Laura and John Arnold Foundation: Promoting Success in Community SupervisionDeadline: October 31, 2018
The Laura and John Arnold Foundation (LJAF) aims to address the nation’s most pressing and persistent challenges using evidence-based, multidisciplinary approaches. The goal of this program is to help spur community corrections research and policy innovations that promote success and improve supervision outcomes. LJAF seeks proposals for projects that address the following priorities:
1. Shaping, accelerating, and evaluating state policy changes: LJAF aims to advance state policies that ensure the right people are on supervision and that interventions address their underlying needs. LJAF hopes to support projects that advance a transformation from reactive (catching failure) to proactive (preventing crime and promoting success) approaches. Recent policy reforms have aimed to focus scarce supervision resources on the people who pose the greatest public safety risk and to align supervision approaches with research on what works to facilitate behavior change. LJAF seeks proposals that shape, accelerate, and/or evaluate these kinds of state policy changes.
2. Reducing revocations while protecting public safety: LJAF invites proposals that increase understanding of the causes of revocations and develop interventions to reduce incarceration while protecting public safety. Too little is known about the underlying behaviors and practices—of the person on supervision and the person or agency providing supervision—that lead to revocations to prison or jail. Although LJAF does not know how many revocations result from technical violations of supervision, existing data suggest revocations are a significant driver of incarceration. In some cases, money spent on incarceration could achieve better outcomes if redirected to address the challenges of those on supervision, thus preventing revocations. LJAF seeks proposals that reveal the drivers of revocations and advance changes to policy and practice that safely reduce violations and incarceration.
3. Accelerating adoption of evidence-based practices and supporting leadership development and culture change to sustain reforms: LJAF invites proposals to grow and accelerate adoption of evidence-based practices and to support the leadership development and culture changes needed to sustain reforms. A growing body of research examines the programs, practices, and policies that are most likely to produce positive results. They include evaluating individuals with a valid risk-needs assessment to determine the appropriate level of service and supervision; placing individuals in programs that use cognitive behavioral therapies and other research-based approaches; and incentivizing individuals to stay crime- and drug-free with the right balance of consequences for violations and rewards for compliance. Despite these advances, community supervision agencies face challenges in fully integrating these practices into their operations. Through this objective, LJAF seeks proposals that will help supervision agencies scale up effective programs and increase uptake and high quality implementation of evidence-based practices.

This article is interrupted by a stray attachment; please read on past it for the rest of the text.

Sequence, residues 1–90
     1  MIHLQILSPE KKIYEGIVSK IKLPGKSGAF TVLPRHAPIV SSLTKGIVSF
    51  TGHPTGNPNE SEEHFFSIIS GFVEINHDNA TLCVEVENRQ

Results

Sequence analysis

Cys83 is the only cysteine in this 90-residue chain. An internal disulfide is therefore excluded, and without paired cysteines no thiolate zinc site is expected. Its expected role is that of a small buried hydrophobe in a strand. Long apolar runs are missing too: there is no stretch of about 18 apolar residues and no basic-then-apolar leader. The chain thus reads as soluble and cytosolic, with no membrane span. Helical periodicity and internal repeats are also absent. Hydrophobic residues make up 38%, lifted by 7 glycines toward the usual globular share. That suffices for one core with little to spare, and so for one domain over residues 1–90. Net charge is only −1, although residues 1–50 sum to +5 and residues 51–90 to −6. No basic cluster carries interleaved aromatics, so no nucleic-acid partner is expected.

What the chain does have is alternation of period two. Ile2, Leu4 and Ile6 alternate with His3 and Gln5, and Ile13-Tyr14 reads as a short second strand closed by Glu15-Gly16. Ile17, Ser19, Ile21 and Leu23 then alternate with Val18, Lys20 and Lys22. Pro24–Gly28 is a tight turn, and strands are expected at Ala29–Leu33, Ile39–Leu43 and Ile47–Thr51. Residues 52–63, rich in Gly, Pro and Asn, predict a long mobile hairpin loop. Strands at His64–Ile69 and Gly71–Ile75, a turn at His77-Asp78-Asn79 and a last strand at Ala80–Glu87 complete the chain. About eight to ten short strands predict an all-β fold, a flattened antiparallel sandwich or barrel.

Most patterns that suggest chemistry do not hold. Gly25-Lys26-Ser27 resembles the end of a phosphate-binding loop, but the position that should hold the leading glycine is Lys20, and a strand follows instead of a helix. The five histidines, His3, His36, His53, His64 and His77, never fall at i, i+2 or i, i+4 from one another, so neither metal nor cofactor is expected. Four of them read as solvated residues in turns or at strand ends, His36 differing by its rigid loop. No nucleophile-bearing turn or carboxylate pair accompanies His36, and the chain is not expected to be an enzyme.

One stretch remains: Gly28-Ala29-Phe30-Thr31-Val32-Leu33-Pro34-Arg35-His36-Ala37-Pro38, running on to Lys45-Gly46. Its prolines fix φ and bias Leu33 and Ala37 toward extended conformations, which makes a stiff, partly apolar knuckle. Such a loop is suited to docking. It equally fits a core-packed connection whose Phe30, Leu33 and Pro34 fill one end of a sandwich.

4. Promoting fairness and justice: LJAF plans to examine and address racial and economic disparity in community supervision. Correctional control is concentrated in communities of color, with 1 in 23 black adults on probation compared with 1 in 81 white adults. One study finds that 1 in 6 black men aged 20 to 34 without a high school diploma are on probation. The limited data available indicate the most extreme consequence of failure— revocation to incarceration—is also borne disproportionately by people of color. Additionally, probation and parole often amplify the burden of criminal justice fines and fees, which most often fall on those with the fewest economic means. In addition to acting in a debt collection capacity for fines and fees assessed by the courts, probation and parole agencies typically assess their own fees, which support their operations and may create incentives to extend supervision for those who comply with their payment requirements. These problems are further exacerbated by private probation companies, which may have a motivation to increase caseloads to generate greater profits and are often subject to minimal oversight or accountability. Through this objective, LJAF seeks proposals that will promote fairness and justice through research, education, and advocacy campaigns.
Amount: LJAF permits grantees to request reasonable and justifiable funding for all of the direct costs associated with a project, including salaries and federally required benefits for employees, travel, meetings and conferences, data access fees, and payments to third-party consultants and sub-grantees that are directly attributable to or created specifically for the purpose supported by a particular grant.
Eligibility: Any team qualified to deliver on the above priorities. Project teams may partner with universities, researchers, scholars, policymakers, practitioners, and subject matter experts to ensure a highly qualified team.
*Note: The October 31, 2018 deadline is for Letters of Intent; once submitted, select applicants will be invited to submit a full proposal. The full proposal deadline is December 19, 2018.